It mattered because of what Oubre did before the steal, committing a flagrant foul on Oklahoma guard Buddy Hield.
This was the type of play that would’ve gotten Oubre benched earlier in the year. A bad foul against a great team. But earlier in the year, Oubre was a different player, and Self was a different coach.
Oklahoma didn’t lose this game. Kansas won it.
Afterward, Self did a nice job of explaining how this thriller was different from other wild swings.
“I think in the Florida game we started off miserably and flipped it in a positive way,” Self said. “Utah, we were miserable in the second half and almost couldn’t get it back. ... I don’t think we played as bad tonight in the second half. I thought we missed shots and I thought they played really well.”
And then KU played really well, winning the final 3:28, 16-7. The most crucial bucket came when Oubre missed a free throw and Cliff Alexander pulled it out of a sky crowded by long Oklahoma arms and fired a pass out to Frank Mason at the top of the key. Mason quickly swung it it to Greene on the right wing for a three-pointer that put Kansas up two points. KU never trailed again.
It triggered a string of memorable plays. Right after the big offensive rebound, Alexander sold a charge without overselling it. Frank Mason hit a pull-up jumper from the right elbow to push the lead to four points.
Greene was late recovering to his man and Cousins burned him for a three that cut the margin to one point. Mason sucked the defense to him in the lane and dished to Alexander for a dunk. Three-point lead. The left-handed Oubre drove right — he’s getting better all the time and is tough to guard — and made a bucket that put Kansas up 79-74 with 1:18 left. Oubre went coast-to-coast for another bucket.
At that point in the game, the crowd, not sapped of its energy by the ridiculous manufactured, pre-game noise, generated the volume on its own, not having to worry about competing with loudspeakers that really do need to be unplugged.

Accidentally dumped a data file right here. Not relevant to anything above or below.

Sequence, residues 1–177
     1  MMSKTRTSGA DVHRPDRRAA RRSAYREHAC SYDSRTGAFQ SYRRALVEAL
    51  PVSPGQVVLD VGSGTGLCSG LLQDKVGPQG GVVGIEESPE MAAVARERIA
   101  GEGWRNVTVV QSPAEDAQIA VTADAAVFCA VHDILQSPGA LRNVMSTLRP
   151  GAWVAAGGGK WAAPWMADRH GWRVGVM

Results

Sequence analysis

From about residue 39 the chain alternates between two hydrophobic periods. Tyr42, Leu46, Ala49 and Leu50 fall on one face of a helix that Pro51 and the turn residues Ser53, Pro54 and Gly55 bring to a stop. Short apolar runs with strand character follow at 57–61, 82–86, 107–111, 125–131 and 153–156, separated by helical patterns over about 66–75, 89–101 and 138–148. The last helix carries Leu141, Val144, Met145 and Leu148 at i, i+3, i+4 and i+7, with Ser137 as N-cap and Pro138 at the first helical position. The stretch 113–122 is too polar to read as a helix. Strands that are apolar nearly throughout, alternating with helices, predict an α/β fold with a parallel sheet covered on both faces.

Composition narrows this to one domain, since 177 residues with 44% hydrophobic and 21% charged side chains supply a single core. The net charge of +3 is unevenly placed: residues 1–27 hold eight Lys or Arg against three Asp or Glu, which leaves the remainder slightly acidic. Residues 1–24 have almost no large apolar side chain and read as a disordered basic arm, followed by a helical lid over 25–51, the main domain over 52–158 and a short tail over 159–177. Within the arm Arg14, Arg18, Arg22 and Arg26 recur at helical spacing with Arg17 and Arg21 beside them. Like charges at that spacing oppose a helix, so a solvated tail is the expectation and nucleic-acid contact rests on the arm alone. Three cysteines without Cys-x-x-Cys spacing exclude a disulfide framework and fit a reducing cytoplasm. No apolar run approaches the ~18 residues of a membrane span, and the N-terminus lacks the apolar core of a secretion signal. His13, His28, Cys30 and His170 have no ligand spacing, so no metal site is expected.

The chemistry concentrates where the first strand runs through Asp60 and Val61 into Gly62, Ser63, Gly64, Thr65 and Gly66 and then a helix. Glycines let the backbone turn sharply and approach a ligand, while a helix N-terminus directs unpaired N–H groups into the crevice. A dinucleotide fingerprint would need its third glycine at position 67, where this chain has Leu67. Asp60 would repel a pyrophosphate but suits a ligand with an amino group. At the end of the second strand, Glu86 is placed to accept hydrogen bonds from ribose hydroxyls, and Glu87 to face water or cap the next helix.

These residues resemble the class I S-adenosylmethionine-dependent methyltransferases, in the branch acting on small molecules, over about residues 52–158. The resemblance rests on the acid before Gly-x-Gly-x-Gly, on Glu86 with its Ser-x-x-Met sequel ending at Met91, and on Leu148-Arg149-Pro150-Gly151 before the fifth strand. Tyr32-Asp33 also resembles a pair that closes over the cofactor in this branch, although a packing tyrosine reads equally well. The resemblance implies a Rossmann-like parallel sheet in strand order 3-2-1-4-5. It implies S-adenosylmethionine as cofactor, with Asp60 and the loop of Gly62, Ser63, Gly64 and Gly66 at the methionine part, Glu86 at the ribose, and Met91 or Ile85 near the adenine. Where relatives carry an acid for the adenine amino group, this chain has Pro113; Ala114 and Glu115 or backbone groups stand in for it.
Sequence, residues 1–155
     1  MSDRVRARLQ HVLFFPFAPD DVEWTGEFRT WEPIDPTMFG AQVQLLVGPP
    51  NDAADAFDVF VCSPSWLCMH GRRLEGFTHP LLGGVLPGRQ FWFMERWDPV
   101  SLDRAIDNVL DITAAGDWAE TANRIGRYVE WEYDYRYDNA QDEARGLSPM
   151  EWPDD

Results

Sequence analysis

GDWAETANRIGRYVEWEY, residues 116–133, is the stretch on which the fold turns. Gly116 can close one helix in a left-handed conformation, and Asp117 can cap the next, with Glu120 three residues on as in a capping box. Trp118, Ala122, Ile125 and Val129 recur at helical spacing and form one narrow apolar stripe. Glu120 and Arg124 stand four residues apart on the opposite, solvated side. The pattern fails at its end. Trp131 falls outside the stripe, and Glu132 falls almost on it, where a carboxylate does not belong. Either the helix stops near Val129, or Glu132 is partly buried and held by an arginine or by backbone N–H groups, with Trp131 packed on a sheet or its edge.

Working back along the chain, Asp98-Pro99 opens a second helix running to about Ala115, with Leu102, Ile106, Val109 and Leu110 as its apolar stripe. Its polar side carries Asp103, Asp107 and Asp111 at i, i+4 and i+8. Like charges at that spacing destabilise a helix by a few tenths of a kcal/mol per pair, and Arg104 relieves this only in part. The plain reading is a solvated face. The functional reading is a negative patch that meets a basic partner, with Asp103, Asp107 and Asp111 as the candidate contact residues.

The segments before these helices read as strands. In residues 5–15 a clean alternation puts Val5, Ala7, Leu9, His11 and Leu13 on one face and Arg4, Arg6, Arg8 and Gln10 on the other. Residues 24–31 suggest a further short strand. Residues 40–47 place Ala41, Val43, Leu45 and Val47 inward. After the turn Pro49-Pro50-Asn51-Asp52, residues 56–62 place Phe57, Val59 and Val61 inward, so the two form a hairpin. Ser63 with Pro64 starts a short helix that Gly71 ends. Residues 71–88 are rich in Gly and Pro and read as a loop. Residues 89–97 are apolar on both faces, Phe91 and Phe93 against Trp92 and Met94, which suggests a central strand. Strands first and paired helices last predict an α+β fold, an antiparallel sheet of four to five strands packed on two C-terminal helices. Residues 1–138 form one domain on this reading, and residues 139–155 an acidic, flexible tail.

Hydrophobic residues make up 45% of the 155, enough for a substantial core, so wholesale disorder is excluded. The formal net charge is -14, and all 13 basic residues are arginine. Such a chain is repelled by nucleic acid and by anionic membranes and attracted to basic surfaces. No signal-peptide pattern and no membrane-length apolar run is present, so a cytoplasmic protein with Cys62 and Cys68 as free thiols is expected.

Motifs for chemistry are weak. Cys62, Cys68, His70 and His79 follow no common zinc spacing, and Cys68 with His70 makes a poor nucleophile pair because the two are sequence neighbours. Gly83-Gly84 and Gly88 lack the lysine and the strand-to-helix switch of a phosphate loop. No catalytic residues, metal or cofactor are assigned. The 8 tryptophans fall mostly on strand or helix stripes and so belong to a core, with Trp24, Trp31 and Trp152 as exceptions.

It was a wildly entertaining three-game series in one night, a 40-minute whirlwind that in some ways recalled KU’s Final Four victory vs. North Carolina on the way to the national title in 2008.
Kansas University freshman guard Kelly Oubre Jr., says he wasn’t surprised to see a school-record nine three-pointers swish in the first half of Monday’s 85-78 victory over Oklahoma in Allen Fieldhouse.
“We had a bunch of guys step up and make shots and show what kind of shooters they are,” Oubre said of himself, Devonté Graham and Brannen Greene, who hit two apiece and Perry Ellis, Frank Mason III and Wayne Selden Jr., who each hit one as the Jayhawks raced to a 51-32 halftime lead.
KU actually hit eight straight threes for the first time in the 12-year Bill Self era. Most threes in a row in KU history is nine in 1994 at North Carolina State. The nine overall threes in 13 attempts tied the nine KU hit in the first half in 2010 at Nebraska; nine in the second half against Hofstra in 2009 and nine in the first half in 1994 at N.C. State.
“At the beginning of the game, we had in the back of our mind we went to Ames and didn’t come out as successful as we wanted to,” Oubre said of Saturday’s 86-81 loss at Iowa State in which KU hit nine of 23 threes. “So we wanted to come out from the jump and do things better than we did at Iowa State.”